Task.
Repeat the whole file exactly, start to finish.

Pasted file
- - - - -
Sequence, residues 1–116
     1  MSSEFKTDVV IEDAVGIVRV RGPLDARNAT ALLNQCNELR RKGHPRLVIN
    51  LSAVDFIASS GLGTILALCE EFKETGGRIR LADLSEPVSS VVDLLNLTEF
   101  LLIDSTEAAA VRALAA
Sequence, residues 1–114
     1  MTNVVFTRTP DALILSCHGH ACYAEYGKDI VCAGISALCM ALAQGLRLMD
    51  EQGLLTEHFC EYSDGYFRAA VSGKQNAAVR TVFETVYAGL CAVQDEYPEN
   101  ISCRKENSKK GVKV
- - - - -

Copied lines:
Sequence, residues 1–116
     1  MSSEFKTDVV IEDAVGIVRV RGPLDARNAT ALLNQCNELR RKGHPRLVIN
    51  LSAVDFIASS GLGTILALCE EFKETGGRIR LADLSEPVSS VVDLLNLTEF
   101  LLIDSTEAAA VRALAA
Sequence, residues 1–114
     1  MTNVVFTRTP DALILSCHGH ACYAEYGKDI VCAGISALCM ALAQGLRLMD
    51  EQGLLTEHFC EYSDGYFRAA VSGKQNAAVR TVFETVYAGL CAVQDEYPEN
   101  ISCRKENSKK GVKV